Some of the many events that can trigger loneliness are: retirement, job loss, a career setback, death of a loved one, a sudden disability or serious illness, substance abuse, discrimination, estrangement, imprisonment, shyness, children leaving home, relocation, divorce or the end of a relationship, obesity, isolation, rejection caused by ones sexuality, mental or physical abuse, real or imagined rejection, homelessness, and the absence of spiritual, religious or life-affirming beliefs.

Loneliness-triggering events for children include, criticism, corporal punishment, sexual abuse, their parents divorce, not enough time spent with working parents, transfer to a new school, and schoolyard bullying.

Even the rich, famous, and powerful can suffer from loneliness. For example, they may be suspicious of the motivation of everyone in their lives. After all, it may be difficult to distinguish between sincere friends and groupies that merely wish to share in the limelight.

How should we respond when a loneliness-triggering event occurs in our lives? There are only two things we can do. We can allow the event to seize control over our lives, or we can remain in control. If we choose to succumb to loneliness and wallow in self-pity, our negative attitude will drive others away, isolating us, and thereby beginning the dangerous downward spiral that can lead to chronic loneliness. On the other hand, we can recognize that loneliness is a natural and inevitable experience that will defeat some and strengthen others. We can choose to join those who decide to overcome their suffering. Why not become a victor instead of a victim?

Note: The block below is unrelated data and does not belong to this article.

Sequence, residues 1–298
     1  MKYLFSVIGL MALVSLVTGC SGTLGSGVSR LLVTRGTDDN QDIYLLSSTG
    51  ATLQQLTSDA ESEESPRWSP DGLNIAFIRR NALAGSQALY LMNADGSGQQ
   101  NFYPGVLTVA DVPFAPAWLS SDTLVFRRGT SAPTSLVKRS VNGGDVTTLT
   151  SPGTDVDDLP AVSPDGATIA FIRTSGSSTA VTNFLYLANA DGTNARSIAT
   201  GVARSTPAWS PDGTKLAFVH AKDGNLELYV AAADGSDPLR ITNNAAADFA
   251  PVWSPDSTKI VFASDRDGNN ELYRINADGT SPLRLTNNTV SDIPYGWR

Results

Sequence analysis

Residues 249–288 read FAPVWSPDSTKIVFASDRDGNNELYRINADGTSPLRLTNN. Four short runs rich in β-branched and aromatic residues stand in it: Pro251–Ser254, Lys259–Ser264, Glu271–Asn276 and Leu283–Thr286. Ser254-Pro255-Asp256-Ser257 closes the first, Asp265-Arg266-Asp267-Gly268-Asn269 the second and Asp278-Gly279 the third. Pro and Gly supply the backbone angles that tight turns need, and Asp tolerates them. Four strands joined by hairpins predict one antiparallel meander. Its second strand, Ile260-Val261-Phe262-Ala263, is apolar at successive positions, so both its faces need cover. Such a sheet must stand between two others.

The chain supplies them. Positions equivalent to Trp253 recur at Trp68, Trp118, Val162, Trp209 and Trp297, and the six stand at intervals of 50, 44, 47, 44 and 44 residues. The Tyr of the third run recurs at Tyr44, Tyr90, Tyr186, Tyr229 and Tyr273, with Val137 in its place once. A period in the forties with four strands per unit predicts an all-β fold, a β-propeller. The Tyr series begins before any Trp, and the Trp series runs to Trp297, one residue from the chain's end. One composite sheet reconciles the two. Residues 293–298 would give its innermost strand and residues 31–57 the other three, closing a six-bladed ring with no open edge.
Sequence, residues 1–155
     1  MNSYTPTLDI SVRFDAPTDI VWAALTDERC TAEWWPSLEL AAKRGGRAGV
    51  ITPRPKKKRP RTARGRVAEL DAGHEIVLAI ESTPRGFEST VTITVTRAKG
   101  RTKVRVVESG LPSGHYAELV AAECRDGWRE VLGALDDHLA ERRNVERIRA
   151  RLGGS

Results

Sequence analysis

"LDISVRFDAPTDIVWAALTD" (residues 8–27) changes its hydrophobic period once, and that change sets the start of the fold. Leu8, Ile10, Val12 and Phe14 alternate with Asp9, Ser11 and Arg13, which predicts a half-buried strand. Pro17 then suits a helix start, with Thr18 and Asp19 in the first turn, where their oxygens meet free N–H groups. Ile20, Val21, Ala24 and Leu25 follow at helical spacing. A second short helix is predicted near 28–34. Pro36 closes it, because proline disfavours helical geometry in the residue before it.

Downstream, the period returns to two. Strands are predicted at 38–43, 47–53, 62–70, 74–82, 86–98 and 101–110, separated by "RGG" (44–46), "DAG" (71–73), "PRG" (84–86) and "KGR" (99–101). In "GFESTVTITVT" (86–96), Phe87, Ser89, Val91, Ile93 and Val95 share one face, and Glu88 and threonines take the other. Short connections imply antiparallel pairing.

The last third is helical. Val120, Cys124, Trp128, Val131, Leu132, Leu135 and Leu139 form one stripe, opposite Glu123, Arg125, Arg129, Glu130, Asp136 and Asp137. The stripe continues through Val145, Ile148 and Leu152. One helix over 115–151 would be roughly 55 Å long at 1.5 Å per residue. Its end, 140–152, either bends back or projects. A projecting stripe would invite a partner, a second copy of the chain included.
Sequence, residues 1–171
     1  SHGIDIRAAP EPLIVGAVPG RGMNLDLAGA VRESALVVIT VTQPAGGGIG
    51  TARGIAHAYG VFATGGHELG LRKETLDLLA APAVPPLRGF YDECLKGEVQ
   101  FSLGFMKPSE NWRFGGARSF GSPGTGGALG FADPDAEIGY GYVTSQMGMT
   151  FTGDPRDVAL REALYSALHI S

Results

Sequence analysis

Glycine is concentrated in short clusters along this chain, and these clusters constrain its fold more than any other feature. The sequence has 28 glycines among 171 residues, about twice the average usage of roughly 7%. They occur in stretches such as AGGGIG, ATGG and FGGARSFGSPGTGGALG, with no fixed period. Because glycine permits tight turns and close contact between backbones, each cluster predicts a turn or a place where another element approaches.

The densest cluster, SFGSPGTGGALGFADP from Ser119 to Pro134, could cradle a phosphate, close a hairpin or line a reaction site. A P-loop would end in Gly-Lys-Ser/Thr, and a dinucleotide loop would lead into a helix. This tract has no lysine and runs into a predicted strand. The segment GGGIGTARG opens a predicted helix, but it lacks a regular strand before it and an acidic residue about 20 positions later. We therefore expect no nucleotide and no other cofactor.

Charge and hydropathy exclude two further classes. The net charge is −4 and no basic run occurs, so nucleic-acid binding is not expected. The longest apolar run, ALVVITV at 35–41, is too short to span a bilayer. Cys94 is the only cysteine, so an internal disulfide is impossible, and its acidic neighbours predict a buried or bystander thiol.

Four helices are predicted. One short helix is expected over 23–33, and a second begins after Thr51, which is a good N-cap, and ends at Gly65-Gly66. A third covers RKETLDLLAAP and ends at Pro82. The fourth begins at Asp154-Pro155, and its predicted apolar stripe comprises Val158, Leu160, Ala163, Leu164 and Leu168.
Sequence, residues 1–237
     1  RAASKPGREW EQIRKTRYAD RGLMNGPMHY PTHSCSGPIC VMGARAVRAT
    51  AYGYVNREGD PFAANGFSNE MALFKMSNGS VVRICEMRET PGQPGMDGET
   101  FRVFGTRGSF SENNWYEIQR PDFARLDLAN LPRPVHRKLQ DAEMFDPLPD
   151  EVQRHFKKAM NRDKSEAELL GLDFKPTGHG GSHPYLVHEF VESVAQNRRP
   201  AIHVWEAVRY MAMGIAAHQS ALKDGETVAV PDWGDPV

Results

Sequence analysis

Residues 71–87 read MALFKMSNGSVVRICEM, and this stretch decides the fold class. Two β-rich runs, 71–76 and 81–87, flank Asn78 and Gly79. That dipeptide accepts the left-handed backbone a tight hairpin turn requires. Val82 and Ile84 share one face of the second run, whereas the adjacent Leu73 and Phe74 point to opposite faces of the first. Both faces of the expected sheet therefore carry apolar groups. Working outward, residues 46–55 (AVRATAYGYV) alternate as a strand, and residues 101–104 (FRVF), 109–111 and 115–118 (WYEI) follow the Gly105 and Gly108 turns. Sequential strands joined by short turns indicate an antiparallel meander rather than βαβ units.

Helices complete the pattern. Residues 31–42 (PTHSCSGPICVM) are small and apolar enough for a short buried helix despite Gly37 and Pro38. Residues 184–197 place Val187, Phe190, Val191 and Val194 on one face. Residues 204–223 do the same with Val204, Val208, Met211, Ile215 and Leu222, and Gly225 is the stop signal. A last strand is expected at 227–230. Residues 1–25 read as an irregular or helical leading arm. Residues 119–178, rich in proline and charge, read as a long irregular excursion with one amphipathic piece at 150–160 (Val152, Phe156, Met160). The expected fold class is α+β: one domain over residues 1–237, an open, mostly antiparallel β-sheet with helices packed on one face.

So why do I use Rachel McAdams as an example. I read recently her thoughts on finding true love and the possibility of never finding it. I have never personally met her except though the technology of Facebook. I wonder how someone so intelligent,beautiful and famous could express the feeling of being so alone. Having so many public relationships can be difficult. Watching her past fiance, Ryan Gosling career explode has to be difficult also. But being the eternal romantic I will believe somewhere there will be a man who will come into her life, it wont matter who he is, and write these words

Hey my gorgeous _______! 😉

How have you been doing today?

Just wanted to let you know that I love you, and am looking forward to seeing you again in the evening.

I miss your sweet lips, your lovely hands when they touch me, your beautiful eyes with a depth of an ocean, and your body warmth next to mine.

So honey, come back home soon cuz I’m waiting for you with open arms.

Love you and you are beautiful forever!

Till then “Somewhere”

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One response to “Rachel Mcadams: Somewhere is the tale of a lonely movie star

  1. I can relate to how Rachel feels. I often ask myself the same questions about love and loneliness. I think part of the problem is in this society we really don’t need anybody to function physically. Atleast not really.

    Back in the day people depended on one another for just about everything. Now-a-days you have just about anything you could want right at your finger tips, and you kinda have to go out of your way to meet people as opposed to people just being there.

    And then there’s so many people to meet, so how can you choose just one? So I end up choosing none. It just makes it even harder. Anyway, I enjoyed your post, and it definitely got me thinking. Keep it up.